Canton — Can the employees of Nissan Canton produce vehicles that please drivers and score high with independent surveys?
Quality issues have plagued the Canton Nissan plant, as reflected by not-so-rosy reports of J.D. Power and Consumer Reports, but execs say a more positive story is now being told, thanks to new systems and quality checks. Reductions in warranty claims are already showing an 83% drop from November 2004 to November 2005 for all Canton-produced vehicles. The reduction far exceeds Nissan’s initial goal of a 20% reduction in claims per year.
Nissan and Infiniti jumped from 11th place in 2004 to 5th place in J.D. Power’s 2005 Initial Quality Study, out of 14 automotive manufacturers. And, Nissan North America (NNA) reports that combined FY2005 sales for Nissan and Infiniti totaled 1,075,097, up 6.1% over last year’s record breaking year of 1,013,295 units.
“The cloud over Canton is gone, and the sky is clear,” said Doug Betts, 42, who is himself an example of Nissan’s aggressive effort to turn quality issues around at the plant. Betts recently moved into the newly-created position of senior vice president of total customer satisfaction. The word “total” in his title means his job goes all the way from the assembly line to the dealership to the service that customers receive after they buy a vehicle.
The Canton Nissan plant manufactures five vehicles — the Quest minivan, the Armada full-size SUV, the Titan full-size truck, the Altima sedan and the Infiniti QX56 full-size luxury SUV. This year the plant will manufacture new generations of the Altima and the Quest for 2007.
The five vehicles are produced in a 3.5-million-square-foot plant that, if you drive along side it, stretches 7/10 of a mile. Walking the plant for a tour is nearly impossible, so a tram ferries visitors over the plant’s 1,400 acres.
Nissan Canton has the capacity to produce 400,000 vehicles a year and is currently running at close to 95%. It takes approximately 16 hours to manufacture a Nissan vehicle, and it all starts with coils of steel that are pounded by six-ton stamping presses into body parts. From there, more than 27 miles of conveyors on the ground and overhead move the parts from paint to trim and chassis to pre-delivery where the vehicle goes through rigorous testing and is wrapped for shipment.
The stakes are high for Nissan to raise the quality of the vehicles produced here. The plant is a $1.4-billion investment for Mississippi and employs 6,000 workers — 2,000 of them contract workers. When quality came into question, the company sent engineers from Japan to take corrective steps.
One immediate evidence of change is plasma screens on the metal line. A low spot in the metal will show up after the vehicle is painted — a costly mistake — but by studying the schematics on the screen in real time, technicians can pick up on the problem before the metal goes any further. Nissan reports that this rapid feedback has resulted in a 45% defect reduction.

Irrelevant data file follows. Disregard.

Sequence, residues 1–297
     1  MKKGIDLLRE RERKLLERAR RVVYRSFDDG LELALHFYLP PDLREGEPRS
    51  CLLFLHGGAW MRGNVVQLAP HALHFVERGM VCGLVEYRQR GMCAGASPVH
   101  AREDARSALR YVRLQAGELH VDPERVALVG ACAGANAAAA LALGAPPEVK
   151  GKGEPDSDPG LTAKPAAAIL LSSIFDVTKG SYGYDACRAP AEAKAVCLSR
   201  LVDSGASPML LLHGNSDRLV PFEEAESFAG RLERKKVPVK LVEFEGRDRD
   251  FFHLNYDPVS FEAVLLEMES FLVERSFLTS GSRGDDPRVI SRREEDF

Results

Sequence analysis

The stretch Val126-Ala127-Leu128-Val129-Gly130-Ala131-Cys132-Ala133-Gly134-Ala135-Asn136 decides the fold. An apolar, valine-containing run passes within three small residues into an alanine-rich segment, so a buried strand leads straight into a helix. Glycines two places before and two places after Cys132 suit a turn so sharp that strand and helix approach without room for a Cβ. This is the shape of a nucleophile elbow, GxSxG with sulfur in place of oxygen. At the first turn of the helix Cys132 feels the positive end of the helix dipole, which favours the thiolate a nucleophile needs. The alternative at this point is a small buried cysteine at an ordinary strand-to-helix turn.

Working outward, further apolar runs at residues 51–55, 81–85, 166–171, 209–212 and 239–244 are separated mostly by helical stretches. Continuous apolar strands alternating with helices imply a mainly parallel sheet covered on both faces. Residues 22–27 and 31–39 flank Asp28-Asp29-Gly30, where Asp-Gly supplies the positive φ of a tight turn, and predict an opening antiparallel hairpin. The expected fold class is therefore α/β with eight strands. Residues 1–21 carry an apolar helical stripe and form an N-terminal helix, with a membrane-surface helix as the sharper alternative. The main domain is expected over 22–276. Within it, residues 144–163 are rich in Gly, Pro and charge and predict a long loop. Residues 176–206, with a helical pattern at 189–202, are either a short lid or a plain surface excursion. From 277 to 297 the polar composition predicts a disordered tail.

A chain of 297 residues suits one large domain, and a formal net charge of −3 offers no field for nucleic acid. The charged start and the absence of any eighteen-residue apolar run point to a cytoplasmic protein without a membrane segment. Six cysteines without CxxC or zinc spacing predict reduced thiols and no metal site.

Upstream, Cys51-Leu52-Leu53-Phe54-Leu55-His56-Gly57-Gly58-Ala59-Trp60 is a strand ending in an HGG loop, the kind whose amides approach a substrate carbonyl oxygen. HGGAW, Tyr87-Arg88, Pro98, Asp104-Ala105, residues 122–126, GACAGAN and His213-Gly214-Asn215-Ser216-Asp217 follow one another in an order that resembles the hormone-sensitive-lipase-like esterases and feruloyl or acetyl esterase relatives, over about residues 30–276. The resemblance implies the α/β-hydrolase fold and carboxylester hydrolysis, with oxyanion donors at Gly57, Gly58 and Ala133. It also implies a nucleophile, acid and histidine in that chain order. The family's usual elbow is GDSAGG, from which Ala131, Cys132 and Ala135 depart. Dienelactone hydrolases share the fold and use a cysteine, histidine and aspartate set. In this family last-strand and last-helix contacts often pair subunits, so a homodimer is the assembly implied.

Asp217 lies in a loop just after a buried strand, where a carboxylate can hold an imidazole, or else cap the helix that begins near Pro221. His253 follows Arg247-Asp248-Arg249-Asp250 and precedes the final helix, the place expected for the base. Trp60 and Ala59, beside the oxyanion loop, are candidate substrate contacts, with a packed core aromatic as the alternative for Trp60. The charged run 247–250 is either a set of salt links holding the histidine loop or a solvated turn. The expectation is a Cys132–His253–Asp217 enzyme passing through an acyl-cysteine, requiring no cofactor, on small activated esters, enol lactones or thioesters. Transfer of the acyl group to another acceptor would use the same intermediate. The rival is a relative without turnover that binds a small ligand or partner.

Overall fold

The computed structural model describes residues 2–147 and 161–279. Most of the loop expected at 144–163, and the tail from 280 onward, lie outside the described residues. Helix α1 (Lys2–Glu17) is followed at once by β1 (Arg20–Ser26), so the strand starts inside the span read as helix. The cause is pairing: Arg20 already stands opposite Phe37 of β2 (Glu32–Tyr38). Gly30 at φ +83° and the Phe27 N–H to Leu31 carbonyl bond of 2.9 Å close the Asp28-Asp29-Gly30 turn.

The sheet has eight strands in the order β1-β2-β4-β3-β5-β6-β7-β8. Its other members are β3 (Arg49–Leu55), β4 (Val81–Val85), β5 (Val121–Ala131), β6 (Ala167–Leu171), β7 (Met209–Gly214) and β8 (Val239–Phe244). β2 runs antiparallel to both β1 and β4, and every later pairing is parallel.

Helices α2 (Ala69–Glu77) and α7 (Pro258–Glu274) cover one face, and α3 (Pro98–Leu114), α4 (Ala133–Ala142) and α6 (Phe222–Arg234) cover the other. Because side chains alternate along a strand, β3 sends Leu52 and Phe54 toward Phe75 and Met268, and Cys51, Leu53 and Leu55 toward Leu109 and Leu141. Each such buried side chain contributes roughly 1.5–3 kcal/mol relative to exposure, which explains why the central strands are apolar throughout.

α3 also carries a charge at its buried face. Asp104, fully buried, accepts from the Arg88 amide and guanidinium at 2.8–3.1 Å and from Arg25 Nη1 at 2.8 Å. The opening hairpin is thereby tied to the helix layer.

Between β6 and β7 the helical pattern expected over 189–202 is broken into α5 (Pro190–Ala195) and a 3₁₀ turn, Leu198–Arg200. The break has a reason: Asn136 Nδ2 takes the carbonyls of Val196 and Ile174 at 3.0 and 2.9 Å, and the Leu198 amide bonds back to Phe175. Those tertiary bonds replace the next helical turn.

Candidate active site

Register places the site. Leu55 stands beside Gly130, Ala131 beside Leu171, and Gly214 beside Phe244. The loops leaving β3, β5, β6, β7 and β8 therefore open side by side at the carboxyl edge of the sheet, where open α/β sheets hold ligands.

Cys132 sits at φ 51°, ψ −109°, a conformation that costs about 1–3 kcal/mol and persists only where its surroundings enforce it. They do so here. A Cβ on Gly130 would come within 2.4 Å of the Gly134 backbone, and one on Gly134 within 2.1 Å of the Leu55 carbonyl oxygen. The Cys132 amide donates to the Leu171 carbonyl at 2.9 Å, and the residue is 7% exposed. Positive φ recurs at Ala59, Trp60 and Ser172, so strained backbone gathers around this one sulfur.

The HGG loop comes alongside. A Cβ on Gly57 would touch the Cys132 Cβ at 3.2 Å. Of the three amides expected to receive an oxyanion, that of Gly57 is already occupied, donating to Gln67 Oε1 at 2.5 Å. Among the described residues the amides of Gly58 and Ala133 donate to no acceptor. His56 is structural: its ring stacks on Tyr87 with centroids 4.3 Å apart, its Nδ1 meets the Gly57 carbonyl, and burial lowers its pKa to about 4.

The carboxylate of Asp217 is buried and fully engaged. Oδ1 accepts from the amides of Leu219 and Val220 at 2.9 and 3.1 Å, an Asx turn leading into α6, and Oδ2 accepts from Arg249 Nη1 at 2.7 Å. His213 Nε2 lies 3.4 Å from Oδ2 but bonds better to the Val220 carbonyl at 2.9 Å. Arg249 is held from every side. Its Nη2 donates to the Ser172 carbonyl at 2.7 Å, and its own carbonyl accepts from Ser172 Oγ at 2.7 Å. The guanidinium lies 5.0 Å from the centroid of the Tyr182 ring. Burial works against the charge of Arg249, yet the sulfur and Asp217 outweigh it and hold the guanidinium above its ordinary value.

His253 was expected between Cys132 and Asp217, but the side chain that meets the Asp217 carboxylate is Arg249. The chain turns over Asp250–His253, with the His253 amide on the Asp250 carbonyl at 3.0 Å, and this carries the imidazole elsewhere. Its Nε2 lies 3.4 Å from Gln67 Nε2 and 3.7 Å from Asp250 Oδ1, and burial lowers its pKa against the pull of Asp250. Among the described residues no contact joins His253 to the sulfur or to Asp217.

A few months ago, Nissan assembled a Strike Force Team on the manufacturing floor to support engineering and raise quality by tackling assembly problems as they arise.
Nissan uses “visual management” with screens throughout the plant to stay in constant communication with employees and keep them informed on how the company is doing and where improvements are needed. At every turn, signs remind employees this is a “Paint Mutilation Free Zone” or “There is Always Time for Safety.”
The plant has also reduced its inventory to just under two days worth, down from 2-1/2 days worth of inventory housed in the beginning. Less inventory reduces costs for the plant and improves quality and efficiency, said Dave Boyer, vice president of manufacturing at Canton.
Another important part of the process is better communication between Nissan designers and Nissan manufacturers. Thirteen teams made up of people from both sides are tackling 13 vehicle areas covering everything from wind noise to brakes. The teams address these problems, and their solutions are handed over to a 14th team, called a quick implementation team that has the resources to make them happen fast.
Betts offers an example of the squeak and rattle team, which created a vehicle vibration test known as the “shake and bake.” The vehicle is heated up and cooled down while it is shaken, just as it would be after the new owner drives it off the lot over railroad tracks and potholes. After the test, they might discover a loose door panel, for example, and know that an extra clip is needed to keep it from rattling. The Quest minivan’s current model and the new 2007 saw dramatic improvements after these tests, said Betts.
Nissan is improving communication with suppliers and has also started a built-in quality inspection (BIQ). Instead of waiting to see if there are defects, “we’re going upstream to see where defects will occur,” said Betts.
Betts said he rejects the idea that Nissan’s problems were due to cutting costs, instead pointing to the company’s very aggressive startup with five vehicles manufactured at the Canton plant from the first day of startup May 27, 2003.
Dan Gaudette, senior vice president for NNA, seconded that. “We needed to fit into a market segment we weren’t in, and we took aggressive approaches to do that,” Gaudette said. “We continue to look at what we need to do. This facility has gone through very structured changes.”
Nissan’s U.S. manufacturing division operates a second manufacturing plant in Smyrna, Tenn., with a capacity of 550,000 vehicles and a powertrain assembly plant in Decherd, Tenn., where every engine for Canton and Smyrna is produced.
Contact MBJ Staff Writer Kelly Ingebretsen at firstname.lastname@example.org.
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